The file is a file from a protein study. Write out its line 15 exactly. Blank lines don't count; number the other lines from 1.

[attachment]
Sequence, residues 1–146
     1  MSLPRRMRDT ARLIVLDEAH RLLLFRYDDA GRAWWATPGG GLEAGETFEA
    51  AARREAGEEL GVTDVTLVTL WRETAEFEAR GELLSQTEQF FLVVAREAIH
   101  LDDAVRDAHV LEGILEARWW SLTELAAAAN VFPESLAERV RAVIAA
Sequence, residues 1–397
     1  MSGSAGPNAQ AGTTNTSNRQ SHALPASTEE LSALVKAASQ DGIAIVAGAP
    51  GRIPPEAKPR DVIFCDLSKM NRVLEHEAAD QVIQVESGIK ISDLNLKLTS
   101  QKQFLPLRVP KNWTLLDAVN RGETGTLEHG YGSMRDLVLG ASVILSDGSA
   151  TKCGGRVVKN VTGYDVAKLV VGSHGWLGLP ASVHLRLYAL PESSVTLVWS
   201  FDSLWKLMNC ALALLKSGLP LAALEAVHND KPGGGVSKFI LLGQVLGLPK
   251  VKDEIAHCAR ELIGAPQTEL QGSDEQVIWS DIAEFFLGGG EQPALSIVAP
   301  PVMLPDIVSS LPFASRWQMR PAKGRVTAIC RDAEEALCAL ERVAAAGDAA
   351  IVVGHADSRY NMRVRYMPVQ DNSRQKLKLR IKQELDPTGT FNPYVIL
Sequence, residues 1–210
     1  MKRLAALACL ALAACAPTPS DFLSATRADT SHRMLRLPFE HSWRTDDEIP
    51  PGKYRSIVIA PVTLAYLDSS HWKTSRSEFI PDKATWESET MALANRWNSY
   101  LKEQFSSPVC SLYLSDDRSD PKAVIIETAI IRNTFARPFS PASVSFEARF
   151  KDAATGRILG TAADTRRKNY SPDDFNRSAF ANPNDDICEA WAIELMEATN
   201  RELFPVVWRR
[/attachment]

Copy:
     1  MKRLAALACL ALAACAPTPS DFLSATRADT SHRMLRLPFE HSWRTDDEIP